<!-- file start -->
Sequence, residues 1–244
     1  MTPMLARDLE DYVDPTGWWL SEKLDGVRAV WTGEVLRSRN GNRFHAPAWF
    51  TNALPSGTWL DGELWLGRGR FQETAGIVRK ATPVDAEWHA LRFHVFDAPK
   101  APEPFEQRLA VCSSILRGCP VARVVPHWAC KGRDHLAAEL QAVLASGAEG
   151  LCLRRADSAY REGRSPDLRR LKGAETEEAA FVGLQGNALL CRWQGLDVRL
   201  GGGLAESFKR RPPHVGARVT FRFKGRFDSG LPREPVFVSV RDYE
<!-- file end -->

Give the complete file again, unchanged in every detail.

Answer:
Sequence, residues 1–244
     1  MTPMLARDLE DYVDPTGWWL SEKLDGVRAV WTGEVLRSRN GNRFHAPAWF
    51  TNALPSGTWL DGELWLGRGR FQETAGIVRK ATPVDAEWHA LRFHVFDAPK
   101  APEPFEQRLA VCSSILRGCP VARVVPHWAC KGRDHLAAEL QAVLASGAEG
   151  LCLRRADSAY REGRSPDLRR LKGAETEEAA FVGLQGNALL CRWQGLDVRL
   201  GGGLAESFKR RPPHVGARVT FRFKGRFDSG LPREPVFVSV RDYE